In my former career as a psychotherapist and now as an executive coach, I have worked with hundreds of men and women in various stages of midlife transition, reinvention and sometimes “crisis.” Over time, I began to notice patterns in which of my clients were able to navigate transitions, make the necessary changes and thrive in their reformatted lives and those who believed they were stuck and they stayed that way.
Around the age of 50, far too many of us begin to express the desire to change our circumstances or try something new but then share the belief that we are “too old” or that it is “too late.” I feel confused, sad and angry that so many would simply resign themselves to a less than fulfilling life without even testing their assumptions, and I vowed I was not going to be one of them.
I made a vow to myself that I have kept for over a decade, that is both simple and profound. I came to think of it as my mantra for aging gratefully. Here it is:
“Each day I will learn something new, each year I will change something in a meaningful way and each decade, I will do something that scares me.”
This is how I fight the shrinking and fading that I see so many succumb to, without even realizing it. While it is true that some of us will be beaten by health, financial, personal or career disasters, but more often, we simply give up. This can and should be avoided.
Call me crazy, but I got my first stick shift car on my 50th birthday and during the next decade, many other firsts ensued. I got a tattoo, then another. Exploring meditation for pain management lead to embracing Buddhism. Between the ages of 51 and 55, I got remarried after a decade of single parenting my three children, was laid off for the first time, experienced workplace harassment and was catapulted into self employment.
Since then, I have added public speaking, podcasting, skydiving, international travel, river rafting, kayaking and lessons in cello, fencing and circus arts to my list of life experiences and skills.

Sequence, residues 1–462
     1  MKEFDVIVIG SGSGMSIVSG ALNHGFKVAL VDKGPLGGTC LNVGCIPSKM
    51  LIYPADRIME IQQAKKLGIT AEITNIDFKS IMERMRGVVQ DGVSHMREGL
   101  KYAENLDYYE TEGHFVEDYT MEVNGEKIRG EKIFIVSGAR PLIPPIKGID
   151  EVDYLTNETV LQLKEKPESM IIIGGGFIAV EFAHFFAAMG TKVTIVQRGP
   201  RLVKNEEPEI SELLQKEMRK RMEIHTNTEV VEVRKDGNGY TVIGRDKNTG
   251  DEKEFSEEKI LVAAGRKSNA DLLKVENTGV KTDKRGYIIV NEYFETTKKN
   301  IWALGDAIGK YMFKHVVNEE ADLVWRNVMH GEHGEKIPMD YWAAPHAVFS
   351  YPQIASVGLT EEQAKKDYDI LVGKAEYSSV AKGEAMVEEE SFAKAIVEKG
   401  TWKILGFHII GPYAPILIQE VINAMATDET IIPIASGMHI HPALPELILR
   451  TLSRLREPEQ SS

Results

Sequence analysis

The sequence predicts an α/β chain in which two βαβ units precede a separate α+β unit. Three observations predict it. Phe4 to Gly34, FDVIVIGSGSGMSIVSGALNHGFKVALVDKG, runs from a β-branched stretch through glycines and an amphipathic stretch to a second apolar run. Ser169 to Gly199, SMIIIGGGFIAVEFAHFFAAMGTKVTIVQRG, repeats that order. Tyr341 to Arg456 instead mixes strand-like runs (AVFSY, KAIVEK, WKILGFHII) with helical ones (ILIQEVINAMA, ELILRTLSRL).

I am often the oldest person in the room and sometimes I feel a bit foolish when I can’t keep up, but I have gained many new friends in their 30s and 40s, who couldn’t care less about the number of candles on my birthday cake.
A significant percentage of Baby Boomer females will live into their 90s, which means we have more than enough time to reinvent, reinvigorate and renew our skills, abilities and interests in life.
Obviously we need to focus on our health and financial security, but what is equally important is managing our mindset. It’s never too late to embrace the following qualities that are known to lead to resilience and the ability to adapt to change: curiosity, humility, openness, humor, perseverance, non judgment, optimism and gratitude. You have nothing to lose but regrets.
Diann Wingert is a mid life maven & reinvention mentor who helps men & women in their prime to transform the life they’ve got into the one they really want. After two decades as a successful psychotherapist, Diann spent two years becoming a masters level coach, so she could shift the conversation from problems to possibilities. bri
Now in her 6th decade, Diann is looking forward to continuing to learn, evolve and defy her own limits, while helping others do the same. She has a particular fondness for those who have difficulty sitting still and first time entrepreneurs over 50.
Visit Diann’s website Diann Wingert Coaching
bridge photo by: Ian D. Keating on Flickr
skydiving photo by: o.h. yeah on Flickr